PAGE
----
Total existing home sales, including single-family homes, townhomes, condominiums and co-ops, increased 1.4% to a seasonally adjusted annual rate of 5.86 million in June. On a year-over-year basis, sales were 22.9% higher than a year ago.
The first-time buyer share remained at 31% in June, level with May but down 35% from a year ago. The June inventory level increased from 1.21 to 1.25 million units but is still down from 1.54 million units a year ago.
At the current sales rate, the June unsold inventory sit at a 2.6-month supply, slightly up from May’s 2.5-month but still down from 3.9-month a year ago. This low level supply of resale homes is good news for home construction.
Homes stayed on the market for an average of just 17 days in June, an all-time low, unchanged from May and down from 24 days a year ago. In June, 89% of homes sold were on the market for less than a month.
The June all-cash sales share was 23% of transactions, even with last month and up from 16% a year ago.
Tight supply continues to push up home prices. The June median sales price of all existing homes was $363,300, up 23.4% from a year ago, representing the 112nd consecutive month of year-over-year increases. The median existing condominium/co-op price of $311,600 in June was up 19.1% from a year ago.
Geographically, three of four regions saw an increase in existing home sales in June, ranging from 1.7% in the West to 3.1% in the Midwest. Sales in the South remained flat in June. On a year-over-year basis, sales continued to grow by double-digits in all four regions, ranging from 18.8% in the Midwest to 45.1% in the Northeast.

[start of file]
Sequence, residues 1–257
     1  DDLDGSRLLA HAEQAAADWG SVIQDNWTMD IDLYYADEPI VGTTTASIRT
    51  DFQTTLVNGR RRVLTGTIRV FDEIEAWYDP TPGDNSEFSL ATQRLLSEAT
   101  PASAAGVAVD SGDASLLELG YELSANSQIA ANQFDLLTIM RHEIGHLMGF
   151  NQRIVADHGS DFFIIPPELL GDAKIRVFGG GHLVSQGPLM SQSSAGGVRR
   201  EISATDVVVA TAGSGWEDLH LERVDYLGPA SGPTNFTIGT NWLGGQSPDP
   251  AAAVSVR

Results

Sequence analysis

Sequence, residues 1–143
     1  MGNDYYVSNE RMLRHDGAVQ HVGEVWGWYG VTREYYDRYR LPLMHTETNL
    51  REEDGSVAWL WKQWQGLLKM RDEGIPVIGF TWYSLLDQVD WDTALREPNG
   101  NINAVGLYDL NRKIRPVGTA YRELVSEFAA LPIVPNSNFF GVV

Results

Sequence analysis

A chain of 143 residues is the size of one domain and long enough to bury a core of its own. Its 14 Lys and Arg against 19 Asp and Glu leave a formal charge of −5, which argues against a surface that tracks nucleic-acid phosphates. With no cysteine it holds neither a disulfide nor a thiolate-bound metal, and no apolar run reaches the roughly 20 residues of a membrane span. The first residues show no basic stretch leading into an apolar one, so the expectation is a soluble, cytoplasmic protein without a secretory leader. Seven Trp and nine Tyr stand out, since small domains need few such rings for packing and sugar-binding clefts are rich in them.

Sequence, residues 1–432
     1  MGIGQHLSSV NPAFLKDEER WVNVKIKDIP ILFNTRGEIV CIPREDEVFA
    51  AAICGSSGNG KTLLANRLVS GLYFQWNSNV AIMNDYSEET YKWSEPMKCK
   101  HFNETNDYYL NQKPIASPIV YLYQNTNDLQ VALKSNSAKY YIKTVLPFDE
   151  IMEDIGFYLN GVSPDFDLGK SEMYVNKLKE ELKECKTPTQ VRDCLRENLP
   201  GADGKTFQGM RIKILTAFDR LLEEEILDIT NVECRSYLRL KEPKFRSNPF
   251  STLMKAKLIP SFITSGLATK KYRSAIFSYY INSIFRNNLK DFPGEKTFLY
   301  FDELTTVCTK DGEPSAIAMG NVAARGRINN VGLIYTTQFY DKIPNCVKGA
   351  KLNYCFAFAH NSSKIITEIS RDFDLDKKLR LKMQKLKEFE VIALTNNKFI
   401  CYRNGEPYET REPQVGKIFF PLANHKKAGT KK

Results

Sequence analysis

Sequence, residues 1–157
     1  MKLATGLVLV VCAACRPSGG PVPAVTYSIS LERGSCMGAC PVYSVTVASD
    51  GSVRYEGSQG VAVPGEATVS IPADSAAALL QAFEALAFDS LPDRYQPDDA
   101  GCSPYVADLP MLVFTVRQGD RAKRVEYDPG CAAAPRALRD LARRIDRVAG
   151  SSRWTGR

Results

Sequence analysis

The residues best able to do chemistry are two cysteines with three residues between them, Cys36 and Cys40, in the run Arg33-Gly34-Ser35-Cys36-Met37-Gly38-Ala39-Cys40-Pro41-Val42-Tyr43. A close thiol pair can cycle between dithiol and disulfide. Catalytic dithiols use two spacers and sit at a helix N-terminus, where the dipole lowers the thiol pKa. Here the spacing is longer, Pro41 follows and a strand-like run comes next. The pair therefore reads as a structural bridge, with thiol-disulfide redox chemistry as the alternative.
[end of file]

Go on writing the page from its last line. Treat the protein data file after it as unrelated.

Meanwhile, the Pending Home Sales Index (PHSI), also reported by the NAR, is a forward-looking indicator based on signed contracts. The PHSI rose 8.0% from 106.2 to 114.7 in May. On a year-over-year basis, sales were 13.7% higher than a year ago.
Though consumers are facing higher home prices and declining housing affordability, housing demand is expected to remain solid due to historically favorable mortgage rates and a promising economic outlook. Meanwhile, rising material prices and supply chain shortage are limiting builders’ abilities to meet the increased level of demand. The imbalance between housing supply and demand could hamper future sales by driving up house prices and eroding affordability.